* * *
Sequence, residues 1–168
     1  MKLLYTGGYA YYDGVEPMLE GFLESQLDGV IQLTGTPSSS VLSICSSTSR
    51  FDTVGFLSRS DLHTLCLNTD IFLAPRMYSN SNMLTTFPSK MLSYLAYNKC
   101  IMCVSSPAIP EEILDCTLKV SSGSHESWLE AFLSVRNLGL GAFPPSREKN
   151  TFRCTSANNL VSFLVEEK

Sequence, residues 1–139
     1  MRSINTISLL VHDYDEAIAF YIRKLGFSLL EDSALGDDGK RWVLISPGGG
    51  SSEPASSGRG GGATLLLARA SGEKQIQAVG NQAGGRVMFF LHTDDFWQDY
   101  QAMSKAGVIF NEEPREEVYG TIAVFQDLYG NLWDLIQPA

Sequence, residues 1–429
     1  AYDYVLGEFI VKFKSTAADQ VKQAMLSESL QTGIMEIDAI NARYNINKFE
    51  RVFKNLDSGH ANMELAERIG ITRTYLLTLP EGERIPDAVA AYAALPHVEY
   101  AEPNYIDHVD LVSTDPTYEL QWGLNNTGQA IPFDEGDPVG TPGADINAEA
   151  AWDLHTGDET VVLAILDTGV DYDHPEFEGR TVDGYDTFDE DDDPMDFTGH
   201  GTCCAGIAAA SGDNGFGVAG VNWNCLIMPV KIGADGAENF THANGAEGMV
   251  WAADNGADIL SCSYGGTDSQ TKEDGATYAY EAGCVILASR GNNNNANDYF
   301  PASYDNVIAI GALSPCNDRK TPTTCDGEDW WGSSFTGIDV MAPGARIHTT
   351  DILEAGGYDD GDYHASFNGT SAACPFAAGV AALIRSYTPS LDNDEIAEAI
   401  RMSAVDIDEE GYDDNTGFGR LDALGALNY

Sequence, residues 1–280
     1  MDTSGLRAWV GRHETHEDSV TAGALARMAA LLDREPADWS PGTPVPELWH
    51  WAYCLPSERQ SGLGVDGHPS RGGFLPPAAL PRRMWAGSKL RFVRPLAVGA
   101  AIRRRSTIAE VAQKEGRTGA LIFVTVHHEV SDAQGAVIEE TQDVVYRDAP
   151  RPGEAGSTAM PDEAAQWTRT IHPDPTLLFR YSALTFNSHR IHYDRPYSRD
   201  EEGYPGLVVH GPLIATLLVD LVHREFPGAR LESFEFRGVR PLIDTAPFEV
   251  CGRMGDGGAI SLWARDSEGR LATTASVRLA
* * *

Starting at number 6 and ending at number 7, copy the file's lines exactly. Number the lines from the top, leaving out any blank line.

Sequence, residues 1–139
     1  MRSINTISLL VHDYDEAIAF YIRKLGFSLL EDSALGDDGK RWVLISPGGG